Las Vegas -- If you are currently in Las Vegas for the Black Hat or Def Con security conferences, or any hotel for that matter, when you closed and locked your hotel door, heard it click, then you probably believed that you secured your hotel room. Eeenk! It, and four to five million other Onity keycard-protected hotel rooms, can be hacked with open-source hardware costing about $20. What’s more, any hacker, thief, stalker . . . or someone from the government, only needs 200 milliseconds for such untraceable access.
Tuesday night at the Black Hat security conference, Cody Brocious, a Mozilla software developer, presented My Arduino can beat up your hotel room lock. “I plug it in, power it up, and the lock opens,” Brocious said. Onity locks have a DC power port under the keycard lock, so Brocious plugged his Arduino microcontroller into that port and was able to read the 32-bit key stored in the lock’s memory location. There’s no easy fix either, short of Onity physically changing every single lock as the lock is insecure by design.
Need another reason to care about this hack? How about privacy and security? “With how stupidly simple this is, it wouldn’t surprise me if a thousand other people have found this same vulnerability and sold it to other governments,” Brocious told Forbes. “An intern at the NSA could find this in five minutes.”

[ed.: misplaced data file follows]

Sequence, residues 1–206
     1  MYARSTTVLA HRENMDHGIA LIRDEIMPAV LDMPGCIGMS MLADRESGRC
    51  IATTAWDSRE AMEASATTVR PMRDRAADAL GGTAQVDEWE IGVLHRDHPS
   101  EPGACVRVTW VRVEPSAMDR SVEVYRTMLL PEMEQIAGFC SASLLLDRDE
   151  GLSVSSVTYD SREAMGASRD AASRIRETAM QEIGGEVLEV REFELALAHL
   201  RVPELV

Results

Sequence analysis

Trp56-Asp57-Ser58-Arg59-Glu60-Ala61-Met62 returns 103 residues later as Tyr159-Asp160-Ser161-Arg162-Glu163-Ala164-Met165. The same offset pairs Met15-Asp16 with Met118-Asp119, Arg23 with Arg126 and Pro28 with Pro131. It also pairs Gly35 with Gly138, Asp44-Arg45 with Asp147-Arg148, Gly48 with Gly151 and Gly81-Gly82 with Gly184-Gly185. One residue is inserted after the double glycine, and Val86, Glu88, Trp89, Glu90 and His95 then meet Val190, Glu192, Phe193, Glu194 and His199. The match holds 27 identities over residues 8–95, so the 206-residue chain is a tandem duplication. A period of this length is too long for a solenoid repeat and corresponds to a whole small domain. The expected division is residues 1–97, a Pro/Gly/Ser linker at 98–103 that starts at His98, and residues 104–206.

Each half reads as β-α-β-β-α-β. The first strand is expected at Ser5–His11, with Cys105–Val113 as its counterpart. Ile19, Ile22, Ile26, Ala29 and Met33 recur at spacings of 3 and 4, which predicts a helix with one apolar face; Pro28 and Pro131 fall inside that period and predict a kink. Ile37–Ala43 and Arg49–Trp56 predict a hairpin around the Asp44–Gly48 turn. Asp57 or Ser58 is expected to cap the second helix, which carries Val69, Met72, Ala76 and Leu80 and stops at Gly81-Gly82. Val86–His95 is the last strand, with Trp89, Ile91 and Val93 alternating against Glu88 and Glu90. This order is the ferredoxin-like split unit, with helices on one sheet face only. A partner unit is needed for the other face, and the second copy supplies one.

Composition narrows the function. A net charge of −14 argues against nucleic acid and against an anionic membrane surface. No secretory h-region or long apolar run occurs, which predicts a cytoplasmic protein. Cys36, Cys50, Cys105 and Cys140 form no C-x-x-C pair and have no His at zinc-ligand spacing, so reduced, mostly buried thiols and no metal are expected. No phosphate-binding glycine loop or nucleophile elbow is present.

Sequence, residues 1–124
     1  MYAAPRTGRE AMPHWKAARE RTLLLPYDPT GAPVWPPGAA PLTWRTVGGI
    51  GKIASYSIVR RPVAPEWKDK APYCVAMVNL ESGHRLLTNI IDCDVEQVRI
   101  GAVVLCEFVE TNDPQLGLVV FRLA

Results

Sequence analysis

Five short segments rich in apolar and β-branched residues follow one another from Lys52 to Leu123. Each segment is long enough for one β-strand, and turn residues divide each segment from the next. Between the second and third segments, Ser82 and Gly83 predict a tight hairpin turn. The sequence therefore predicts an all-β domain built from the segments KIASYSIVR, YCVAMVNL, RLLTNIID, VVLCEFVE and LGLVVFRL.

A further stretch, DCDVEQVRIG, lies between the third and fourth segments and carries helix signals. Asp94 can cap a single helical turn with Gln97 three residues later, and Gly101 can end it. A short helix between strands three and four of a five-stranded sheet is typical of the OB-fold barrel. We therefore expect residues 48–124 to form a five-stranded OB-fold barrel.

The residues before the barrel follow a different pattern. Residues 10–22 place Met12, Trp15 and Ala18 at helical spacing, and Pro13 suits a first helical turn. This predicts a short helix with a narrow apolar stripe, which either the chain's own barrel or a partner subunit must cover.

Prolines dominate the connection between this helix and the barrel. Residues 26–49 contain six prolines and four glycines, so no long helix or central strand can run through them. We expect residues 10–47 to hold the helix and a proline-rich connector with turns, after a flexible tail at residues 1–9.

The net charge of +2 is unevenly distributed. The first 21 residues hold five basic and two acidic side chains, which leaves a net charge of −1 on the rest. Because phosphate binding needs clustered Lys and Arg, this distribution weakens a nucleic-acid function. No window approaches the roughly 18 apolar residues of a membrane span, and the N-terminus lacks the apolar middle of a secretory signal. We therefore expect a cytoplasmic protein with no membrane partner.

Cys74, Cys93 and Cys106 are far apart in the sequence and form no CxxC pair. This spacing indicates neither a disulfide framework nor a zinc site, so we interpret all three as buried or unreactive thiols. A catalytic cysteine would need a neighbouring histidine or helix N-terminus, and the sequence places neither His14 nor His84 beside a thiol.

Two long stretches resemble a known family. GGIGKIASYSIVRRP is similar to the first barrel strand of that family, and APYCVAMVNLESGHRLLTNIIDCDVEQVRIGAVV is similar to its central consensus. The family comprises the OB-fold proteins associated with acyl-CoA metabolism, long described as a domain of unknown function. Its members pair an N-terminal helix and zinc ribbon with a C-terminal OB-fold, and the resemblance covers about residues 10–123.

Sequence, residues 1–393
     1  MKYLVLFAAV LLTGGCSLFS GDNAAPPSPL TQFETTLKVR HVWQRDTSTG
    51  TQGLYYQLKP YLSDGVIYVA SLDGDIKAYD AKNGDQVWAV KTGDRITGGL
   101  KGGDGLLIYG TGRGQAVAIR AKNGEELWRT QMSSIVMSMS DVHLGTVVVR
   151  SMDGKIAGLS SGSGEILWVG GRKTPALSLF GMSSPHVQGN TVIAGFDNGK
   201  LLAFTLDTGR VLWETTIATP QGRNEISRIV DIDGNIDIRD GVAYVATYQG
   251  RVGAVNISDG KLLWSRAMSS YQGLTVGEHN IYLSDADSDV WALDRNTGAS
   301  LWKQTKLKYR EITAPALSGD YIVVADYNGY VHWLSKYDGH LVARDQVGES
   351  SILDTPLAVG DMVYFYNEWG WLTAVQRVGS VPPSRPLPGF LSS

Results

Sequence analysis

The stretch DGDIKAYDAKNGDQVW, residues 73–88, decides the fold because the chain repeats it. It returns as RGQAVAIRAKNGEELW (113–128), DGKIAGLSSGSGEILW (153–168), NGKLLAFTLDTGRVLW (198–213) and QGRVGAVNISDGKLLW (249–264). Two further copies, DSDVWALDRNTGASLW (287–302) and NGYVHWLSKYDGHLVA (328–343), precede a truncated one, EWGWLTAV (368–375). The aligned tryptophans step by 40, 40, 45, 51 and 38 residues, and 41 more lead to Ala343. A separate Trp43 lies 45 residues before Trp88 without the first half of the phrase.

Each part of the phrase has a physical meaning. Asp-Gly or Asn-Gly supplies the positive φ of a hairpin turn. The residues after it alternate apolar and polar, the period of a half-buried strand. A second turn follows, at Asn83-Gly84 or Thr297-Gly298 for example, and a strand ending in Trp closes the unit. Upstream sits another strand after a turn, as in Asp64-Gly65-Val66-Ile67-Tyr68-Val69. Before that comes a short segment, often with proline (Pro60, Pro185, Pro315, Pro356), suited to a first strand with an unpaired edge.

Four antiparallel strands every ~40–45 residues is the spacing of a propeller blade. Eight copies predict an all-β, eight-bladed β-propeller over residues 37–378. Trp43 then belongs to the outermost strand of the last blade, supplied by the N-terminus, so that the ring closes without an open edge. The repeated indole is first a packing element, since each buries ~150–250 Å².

While there are a number of special cards, the most important ones for this discussion are the programming card and spare card. When a programming card is introduced into a door followed by a spare card, the spare card becomes the guest card for the door.
Programming cards and spare cards are generally created in case of encoder failure, so that guests can continue to check into the hotel when normal keycards cannot be made. However, they introduce a new risk in that if programming cards can be created, any door in the hotel can be entered.
It should be noted that while programming cards are encrypted with the sitecode of the property, much like any other card, the spare cards are not encrypted whatsoever and simply contain an incrementing value.
You don’t need the big bucks to exploit this vulnerability; it’s low budget lock picking as the hardware only costs about “$20 or less from Radioshack.” There’s no firmware upgrade, so until Onity takes action by changing these insecure-by-design locks, anyone can pull off this high-tech hack in about 200 milliseconds which is less time than it takes to blink. It does not work on all keycard locks, but Onity better get on it and fix it. While Brocious doesn't intend to take it further and figure out how to make it work on all hotel keycard locks, that doesn't mean someone else won't or doesn't already know how.
Brocious suggested possible fixes so the next round of Onity locks will hopefully not be so easy to exploit for voila instant hotel room access. You can read more about this hack since Brocious has posted his research paper and slides [PDF]. “Happy hacking,” he said.